Monday 20 November 2017

Thurles a sea of colour as Cork dream of All-Ireland glory after revenge over Clare

Cork captain Stephen McDonnell lifts the cup at Semple Stadium in Thurles, Co Tipperary Photo: Sportsfile
Cork captain Stephen McDonnell lifts the cup at Semple Stadium in Thurles, Co Tipperary Photo: Sportsfile
Ralph Riegel

Ralph Riegel

A surging Rebel tide helped lower the Banner as Cork fans celebrated a famous Munster hurling final victory over Clare.

Cork fans cheered a hard-fought five-point triumph as thousands of Rebel supporters savoured a measure of revenge for the agonising loss to the Banner County in the 2013 All Ireland final.

Cork and Clare supporters revelled in glorious lunchtime sunshine as Liberty Square became a contrasting sea of red-and-white and blue-and saffron.

With temperatures reaching almost 23C before late afternoon cloud and heavy showers, Thurles pubs, shops and ice-cream vendors were enjoying a roaring trade as Cork fans dreamed of their first All Ireland title in 12 years and Clare supporters enjoyed their first Munster final appearance since 2008.

Paul Kinnane with his wife Liz, and their children Paul (7), Molly (8) and Niamh (11). Photo: Press 22
Paul Kinnane with his wife Liz, and their children Paul (7), Molly (8) and Niamh (11). Photo: Press 22

The match opened in stunning sunshine - but ended in cloud and heavy showers.

Paul Kinnane, originally from Ballincollig, Co Cork, but now living in Corofin, Co Clare, was outnumbered in terms of GAA support within his own family.

His wife Liz Byrt-Kinnane, who is from Ruan, was proudly cheering on her native Clare as were their daughters Niamh (11) and Molly (8).

The sole bit of Rebel support that Paul - resplendent in his Cork jersey - could find within the family came from his son Eoin (7).

Clonakilty sisters Debbie and twins Becky and Rachae Photo: Press 22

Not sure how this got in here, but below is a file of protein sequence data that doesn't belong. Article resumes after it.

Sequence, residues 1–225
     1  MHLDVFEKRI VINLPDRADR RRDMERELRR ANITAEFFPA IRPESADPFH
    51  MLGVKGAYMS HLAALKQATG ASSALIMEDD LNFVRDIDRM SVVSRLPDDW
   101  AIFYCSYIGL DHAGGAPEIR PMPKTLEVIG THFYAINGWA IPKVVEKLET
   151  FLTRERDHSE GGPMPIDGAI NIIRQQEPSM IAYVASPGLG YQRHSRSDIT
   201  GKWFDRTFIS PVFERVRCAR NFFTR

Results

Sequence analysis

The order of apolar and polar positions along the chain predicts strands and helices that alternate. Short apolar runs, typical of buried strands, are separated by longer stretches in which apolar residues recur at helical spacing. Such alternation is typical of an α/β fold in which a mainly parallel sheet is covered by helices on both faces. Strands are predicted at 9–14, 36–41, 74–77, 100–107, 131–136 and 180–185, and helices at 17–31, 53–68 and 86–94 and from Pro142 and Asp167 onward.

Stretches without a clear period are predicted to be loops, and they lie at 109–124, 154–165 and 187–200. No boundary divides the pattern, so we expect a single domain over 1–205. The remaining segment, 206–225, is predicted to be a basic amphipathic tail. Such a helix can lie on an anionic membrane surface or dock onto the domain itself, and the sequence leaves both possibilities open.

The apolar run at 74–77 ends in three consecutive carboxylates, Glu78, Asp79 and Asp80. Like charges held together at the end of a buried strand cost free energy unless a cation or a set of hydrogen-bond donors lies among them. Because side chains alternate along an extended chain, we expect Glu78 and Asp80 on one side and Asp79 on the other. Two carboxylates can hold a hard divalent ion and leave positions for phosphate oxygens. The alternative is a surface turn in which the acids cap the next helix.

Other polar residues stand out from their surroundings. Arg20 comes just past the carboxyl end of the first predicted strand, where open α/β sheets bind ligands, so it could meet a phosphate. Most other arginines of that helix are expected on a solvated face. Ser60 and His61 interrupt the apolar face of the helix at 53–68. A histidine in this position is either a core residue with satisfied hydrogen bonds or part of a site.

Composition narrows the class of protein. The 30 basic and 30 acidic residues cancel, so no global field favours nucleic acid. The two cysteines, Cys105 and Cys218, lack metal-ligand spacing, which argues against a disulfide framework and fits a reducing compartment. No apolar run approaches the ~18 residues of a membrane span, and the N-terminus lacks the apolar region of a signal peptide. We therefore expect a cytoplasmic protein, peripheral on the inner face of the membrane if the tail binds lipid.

Clonakilty sisters Debbie and twins Becky and Rachae Photo: Press 22

Even friends were joking about their deep-rooted GAA allegiances.

Read More: Future of clash of the ash is out of this world as GAA goes high tech

Caroline Curran from Rochestown in Cork was decked out in her red-and-white finery as she bumped into her former University College Cork (UCC) friend Anthony O'Halloran from Ennis, who was in his Banner County colours.

There were no divided loyalties within the O'Mahony family from Clonakilty in west Cork.

Sisters Debbie, Becky and Rachael O'Mahony savoured the pre-match atmosphere in Liberty Square as they confidently predicted a Cork double in the minor and senior matches.

Becky and Rachael - who are twins - admitted it was a glorious day in the Premier County.

"You couldn't ask for a nicer day for a Munster hurling final," Rachael said.

Cork friends Colin Carr, Patrick Hayes and Sean Fitzgerald, all from Mahon, confidently predicted that Cork were firmly back on the road to hurling glory after a decade in the wilderness.

Clare friends Kevin Dillon, Fionnán O'Brien, Donal Whelan and Jessica Keogh - all from Clonlara and Broadford - said it was reminiscent of the great Croke Park clashes between Cork and Clare in 2013.

Clare youngsters Aaron (10) and Josh (7) Cotter said they believed Clare are bound for September glory irrespective of the Munster final result.

But the real priority for the boys was persuading their parents Finbarr and Ann-Marie, from Ennis to splurge on another round of 99 ice creams.

Irish Independent

Promoted Links

Today's news headlines, directly to your inbox every morning.

Promoted Links

Editor's Choice

Also in Irish News